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What types of research does FQXi support?

Within certain areas of physics, cosmology, and related fields, FQXi supports research that is foundational —with potentially significant and broad implications for our understanding of the "ultimate" nature of reality—and unconventional —rigorous yet speculative, non-mainstream, or high-risk research, which would otherwise go unperformed due to lack of funding.

"Foundational" means different things to different people. What do you mean by it?

FQXi operationally defines the term "foundational" in our Scientific Charter as referring to issues concerning the ultimate nature of the universe and how we perceive it. For example, we consider research into "the nature of time" to be foundational, but not research on miniaturizing timers.

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Wait a second: What if some of your research into "foundational" questions ends up challenging the foundations of currently prevailing paradigms in physics?

That's fine with us.

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Don't the non-profit institutions that ultimately train, approve, and support FQXi researchers have a stake in keeping the current system of physical theory the way it is?

We don't think so. After all, most scientists know that our current understanding of the physical world is a complex, interlocking network of well-tested ideas; so, a sea change at the foundation of physics would not be easy to do—since it must, at least, reproduce the finely-textured success of current physical theory. This significant challenge leads even the most daring physicists to be, in some ways, conservative.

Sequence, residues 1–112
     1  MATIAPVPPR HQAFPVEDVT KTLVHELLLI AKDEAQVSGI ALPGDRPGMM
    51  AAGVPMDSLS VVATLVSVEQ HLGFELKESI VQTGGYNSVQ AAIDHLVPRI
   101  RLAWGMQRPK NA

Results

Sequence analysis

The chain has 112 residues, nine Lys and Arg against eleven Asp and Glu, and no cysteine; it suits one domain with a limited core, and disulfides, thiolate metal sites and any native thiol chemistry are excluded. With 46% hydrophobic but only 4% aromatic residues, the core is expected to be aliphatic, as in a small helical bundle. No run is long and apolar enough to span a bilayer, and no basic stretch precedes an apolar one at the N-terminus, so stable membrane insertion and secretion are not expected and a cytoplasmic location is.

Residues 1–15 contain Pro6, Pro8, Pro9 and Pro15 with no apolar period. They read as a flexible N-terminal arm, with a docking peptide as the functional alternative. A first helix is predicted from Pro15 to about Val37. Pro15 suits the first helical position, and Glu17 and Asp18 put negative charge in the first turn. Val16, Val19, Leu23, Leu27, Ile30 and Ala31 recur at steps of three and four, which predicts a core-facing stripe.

On the other hand, this conservative tendency may mean that useful but unorthodox ideas will have difficulty finding acceptance, being hard to distinguish from other unorthodox but fruitless ideas. One purpose of FQXi is to ensure that good but unconventional ideas and thinkers flourish. Inspired by the personal history of Albert Einstein—who, having both traditional training and singular genius, knew which elements of his era's physics to embrace and which to give up—we are actively considering this problem from various standpoints. Your input is welcomed here.

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Who determines "unconventional?"

Many topics considered "unconventional" just a few years ago are deemed to be mainstream today. In fact, the history of science reveals a steady expansion of "physics" into what was previously regarded as "philosophy" or "metaphysics." A goal of FQXi is to fund research at the forefront of this expansion, which is unavoidably a moving target. Thus, for the purposes of awarding grants, FQXi will assess the term "unconventional" at the beginning of each grant-awarding process.

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What are some examples of projects suitable for the FQXi grant programs?

Funds from the Donor Advised Fund advised by FQXi are mainly distributed via grants for physics and cosmology research, each comparable in value and scope to those awarded by the U.S. federal government. We also support various other programs, including Mini-Grants (low-hassle grants having a relatively small monetary value, for Members only), Conferences, essay and other contests, and a web Forum. Finally, because general education is key to the long-term success of our scientific society, FQXi funds programs that disseminate the fruits of such research to laypeople. A list of past Awardees may be found here.

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Okay, so give us some examples.

  • A study of the possibility of time travel or of the implications of the seeming impossibility of time travel
  • A study of possibilities for life in a universe with different fundamental constants, atomic physics, or chemistry
  • Lecture series, panels, or dialogues between and by eminent scientists, concerning foundational questions in physics and astronomy, but intended for a lay audience
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